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Volkswagen Caravelle 6.1 (1991 - 2003)

The independent definitive Volkswagen Caravelle video review
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    WIDE OPEN SPACE (some text hidden)

    BY ANDY ENRIGHT

    Introductionword count: 119

    All too often, even full-sized MPVs fall into a familiar trap. Load them with a few people and there's nowhere to put the bags. Some manufacturers such as Renault and Chrysler partly answered the question by introducing long wheelbase 'Grand' versions of their wares but the true solution was staring many customers in the face in the form of the Volkswagen Caravelle. With acres of interior space and a range of great engines, the Caravelle is a model which has subsequently spawned some imitators. The real thing remains in a class of its own however. As a used buy, the rugged Caravelle makes a lot of sense but demand remains strong. Here, we look at the 1994-2003 'T4' version.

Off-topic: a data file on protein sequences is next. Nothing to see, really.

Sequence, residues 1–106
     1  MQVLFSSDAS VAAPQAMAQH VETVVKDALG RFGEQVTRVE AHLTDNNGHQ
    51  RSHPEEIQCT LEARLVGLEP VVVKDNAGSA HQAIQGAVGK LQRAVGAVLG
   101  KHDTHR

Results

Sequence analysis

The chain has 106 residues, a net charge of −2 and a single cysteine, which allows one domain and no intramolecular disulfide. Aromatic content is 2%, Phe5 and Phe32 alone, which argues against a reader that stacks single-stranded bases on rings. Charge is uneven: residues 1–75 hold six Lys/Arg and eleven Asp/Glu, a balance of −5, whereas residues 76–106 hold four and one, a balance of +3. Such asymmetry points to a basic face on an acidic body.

Modelsword count: 18

    Models Covered: Full sized MPV T4 1992- 2003 (2.5TDI diesel 2.5, 2.8 petrol [Sedan , Variant, Limousine, Multivan]

    Historyword count: 198

    How far back do you want to go? It's possible to trace the genesis of the Caravelle right back through the rear engined T3 generation of Volkswagen vans, but to keep things manageable, we'll kick off with the first of the 'modern era' Caravelles, the T4 version, with roots starting in 1992. This model was developed steadily over its lifetime with the latter models being powered by either a 102 or 130bhp 2.5-litre TDI diesel engine if you were practical or 2.5-litre or 2.8-litre VR6 petrol engines if you weren't. Earlier cars can be found with an 88bhp diesel option. A whole host of different body styles were available on both short and long wheelbase chassis. This model was replaced in late 2003 by an all-new T5 model which featured 130 and 174bhp versions of the 2.5-litre TDI Pump-Duse engine, the more powerful version offered with the option of 4motion all-wheel drive. Both diesel engines were also available with Tiptronic automatic gearboxes. Volkswagen also reprised the theme for a rather thirsty petrol engine, in this case a 3.2-litre V6 that was fitted as standard with the Tiptronic 'box but which was curiously not offered with a 4motion variant.

    What You Getword count: 737